Valve surgery in octogenarians: a safe option with good medium-term results

J Heart Valve Dis. 2006 Mar;15(2):191-6; discussion 196.


Background and aim of the study: The number of octogenarians is increasing in industrialized societies, and many patients aged over 80 years have heart valve disease which is amenable to surgical treatment. The perioperative outcomes and long-term results in very elderly patients undergoing valve surgery were evaluated.

Methods: A retrospective analysis was conducted of 2,791 patients with long-term follow up, who underwent valve surgery between 1990 and 2002. Of these patients, 132 (68 males, 64 females) were aged over 80 years (mean age 82 +/- 2 years; range: 80-94 years).

Results: Ninety-five patients (71.9%) underwent aortic valve replacement, 36 (27.3%) mitral surgery, and one patient had double-valve surgery. Sixty-five patients (49.2%) required concomitant coronary artery bypass grafting. There were 11 (8.3%) redo procedures. Patients aged over 80 years were significantly more symptomatic preoperatively than their younger counterparts (NYHA class III-IV 90.9% versus 69.0%, p < 0.001), with more congestive cardiac failure, hypertension, peripheral vascular disease, obstructive pulmonary disease, and renal failure (all p < 0.05). Perioperative mortality did not, however, differ significantly between groups (< 80 years versus > or = 80 years, 2.9% versus 4.6%, p = 0.10). There was also no difference in the composite end point of in-hospital death, renal failure, stroke, low output state, myocardial infarction, or sternal wound infection (< 80 years versus > or = 80 years, 10.5% versus 11.4%, p = 0.8). The mean follow up period was 66 +/- 44 months (< 80 years) versus 61 +/- 37 (> or = 80 years). Late mortality was higher in the elderly group (10-year survival 37.9% versus 68.2%, p < 0.001) and preoperative atrial fibrillation (RR 2.75; CI: 1.44-5.23), coronary artery disease (RR 1.98; CI 1.12-3.52) and congestive cardiac failure (RR 2.13; CI: 1.10-4.11) were independent predictors of late mortality. The groups did not differ with respect to long-term valve-related events, with the exception of fewer reoperations among elderly patients.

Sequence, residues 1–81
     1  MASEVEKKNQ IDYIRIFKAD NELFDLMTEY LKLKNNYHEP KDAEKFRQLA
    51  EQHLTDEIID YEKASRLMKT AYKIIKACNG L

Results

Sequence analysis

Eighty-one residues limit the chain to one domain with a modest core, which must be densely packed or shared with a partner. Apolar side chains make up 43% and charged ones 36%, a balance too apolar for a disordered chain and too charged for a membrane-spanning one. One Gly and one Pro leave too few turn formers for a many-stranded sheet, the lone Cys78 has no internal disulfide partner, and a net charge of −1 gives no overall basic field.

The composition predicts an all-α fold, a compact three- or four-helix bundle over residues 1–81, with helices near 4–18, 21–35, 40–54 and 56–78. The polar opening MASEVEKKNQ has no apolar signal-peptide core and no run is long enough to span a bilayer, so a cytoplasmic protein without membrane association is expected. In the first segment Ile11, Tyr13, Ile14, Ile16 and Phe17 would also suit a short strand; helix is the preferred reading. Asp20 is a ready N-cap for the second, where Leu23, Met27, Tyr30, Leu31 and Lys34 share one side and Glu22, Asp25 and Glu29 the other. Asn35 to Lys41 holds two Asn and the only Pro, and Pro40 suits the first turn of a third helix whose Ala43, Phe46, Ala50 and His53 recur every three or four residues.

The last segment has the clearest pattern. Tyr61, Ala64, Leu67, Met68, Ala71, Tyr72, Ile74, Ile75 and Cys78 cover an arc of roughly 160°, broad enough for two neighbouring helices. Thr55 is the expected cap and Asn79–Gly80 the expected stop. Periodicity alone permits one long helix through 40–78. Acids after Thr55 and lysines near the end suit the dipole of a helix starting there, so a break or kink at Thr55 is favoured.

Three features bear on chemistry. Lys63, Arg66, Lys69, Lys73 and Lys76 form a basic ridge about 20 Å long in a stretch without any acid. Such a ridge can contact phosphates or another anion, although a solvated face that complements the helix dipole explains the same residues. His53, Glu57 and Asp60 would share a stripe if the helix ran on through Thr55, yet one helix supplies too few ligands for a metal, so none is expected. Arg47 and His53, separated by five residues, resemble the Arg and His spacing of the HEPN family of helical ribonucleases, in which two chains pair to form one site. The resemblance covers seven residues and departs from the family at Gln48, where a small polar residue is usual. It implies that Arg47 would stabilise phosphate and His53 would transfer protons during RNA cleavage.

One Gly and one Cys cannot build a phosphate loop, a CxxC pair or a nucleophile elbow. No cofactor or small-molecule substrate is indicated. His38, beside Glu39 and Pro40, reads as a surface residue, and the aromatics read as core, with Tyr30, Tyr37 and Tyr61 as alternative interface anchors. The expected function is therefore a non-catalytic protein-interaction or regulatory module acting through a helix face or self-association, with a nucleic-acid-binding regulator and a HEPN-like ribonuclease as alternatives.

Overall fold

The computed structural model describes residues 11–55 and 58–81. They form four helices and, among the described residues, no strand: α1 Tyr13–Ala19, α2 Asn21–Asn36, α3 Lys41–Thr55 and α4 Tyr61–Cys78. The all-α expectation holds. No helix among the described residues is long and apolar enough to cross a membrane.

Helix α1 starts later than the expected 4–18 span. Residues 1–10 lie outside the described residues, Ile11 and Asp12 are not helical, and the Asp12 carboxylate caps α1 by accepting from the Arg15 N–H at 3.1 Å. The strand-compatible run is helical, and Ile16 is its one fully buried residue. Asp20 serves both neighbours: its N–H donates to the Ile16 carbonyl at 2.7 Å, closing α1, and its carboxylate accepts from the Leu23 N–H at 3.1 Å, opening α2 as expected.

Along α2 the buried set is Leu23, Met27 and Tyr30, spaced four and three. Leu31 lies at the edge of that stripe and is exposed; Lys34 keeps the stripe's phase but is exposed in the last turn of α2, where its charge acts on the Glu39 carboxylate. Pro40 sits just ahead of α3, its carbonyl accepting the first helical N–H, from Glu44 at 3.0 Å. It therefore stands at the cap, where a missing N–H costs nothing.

Conclusion: Valve surgery in selected octogenarians is associated with low morbidity and mortality. The outlook after surgery is very good, and surgery should not be denied to this group on the basis of age alone.

Publication types

  • Comparative Study

MeSH terms

  • Age Factors
  • Aged, 80 and over
  • Female
  • Follow-Up Studies
  • Heart Valve Diseases / mortality
  • Heart Valve Diseases / surgery*
  • Heart Valve Prosthesis Implantation*
  • Humans
  • Male
  • Ontario / epidemiology
  • Retrospective Studies
  • Survival Rate / trends
  • Time Factors
  • Treatment Outcome